When people think about the reasons for neck pain, car accidents, odd sleeping positions and sport-related collisions typically come to mind. When thinking about headaches, the list changes…intense smells, loud noises, sinus infections, stress… Yet, some people may not realize that a neck problem might be causing their head pains. Therefore, it’s not hard to imagine why you don’t hear much about it when talking about headaches. Since it’s not literally in the head, it doesn’t enter the conversation very often.
But let’s pause for a moment to clear up a regular source of confusion: the word “cervical” may be more well-known in gynecological contexts, but it is used for the spine, too. The cervical vertebrae is the portion of your spine the runs along the back of your neck, connecting your back to your head.
A cervical headache is triggered within these “neck bones” and may be triggered by a any of the above – from trauma to improper head positioning during sleep. Sometimes confused with migraines, a cervicogenic headache will have pain focused on one side of the head. In fact, another common symptom includes feeling shoulder pain on the same side of the body as that headache.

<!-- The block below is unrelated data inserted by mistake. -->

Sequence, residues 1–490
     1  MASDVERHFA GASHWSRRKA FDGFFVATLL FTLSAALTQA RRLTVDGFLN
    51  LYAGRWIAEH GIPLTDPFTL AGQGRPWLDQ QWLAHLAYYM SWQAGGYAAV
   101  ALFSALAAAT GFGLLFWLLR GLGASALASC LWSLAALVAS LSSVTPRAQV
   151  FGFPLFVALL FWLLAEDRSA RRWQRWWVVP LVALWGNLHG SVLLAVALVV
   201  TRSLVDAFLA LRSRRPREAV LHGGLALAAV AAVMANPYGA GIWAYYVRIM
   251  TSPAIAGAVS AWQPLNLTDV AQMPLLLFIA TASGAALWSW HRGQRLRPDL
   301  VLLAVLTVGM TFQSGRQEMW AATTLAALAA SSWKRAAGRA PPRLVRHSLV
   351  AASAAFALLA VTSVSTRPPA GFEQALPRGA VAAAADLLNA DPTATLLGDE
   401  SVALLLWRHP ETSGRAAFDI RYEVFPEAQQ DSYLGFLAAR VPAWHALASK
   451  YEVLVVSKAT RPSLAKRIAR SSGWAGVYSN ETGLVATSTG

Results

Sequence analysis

Also like migraines, it’s possible for this pain to cause nausea and vomiting. However, they are less likely to be as frequent and severe. Since the problem originates in the neck region, there will be a limited range of motion due to the tension. That same pain could actually be triggering the headache itself.
While doctors are aware of these headaches, there is still much being learned about them. Diagnosing a cervical headache is challenging at times because the symptoms can be indicators of other types of problems.
The combination of neck and head pain could end up being a common migraines/tension headache or something more serious, like meningitis. However, being able to rule out other possibilities can be helpful, and that’s why you should seek medical attention. Remember, physicians have a million things to think about when trying to arrive at a proper diagnosis and course of treatment for your pain. While we patients should never demand a certain diagnosis, it never hurts to ask, especially if you have suffered some neck trauma, even if that trauma did not seem to cause immediate pain.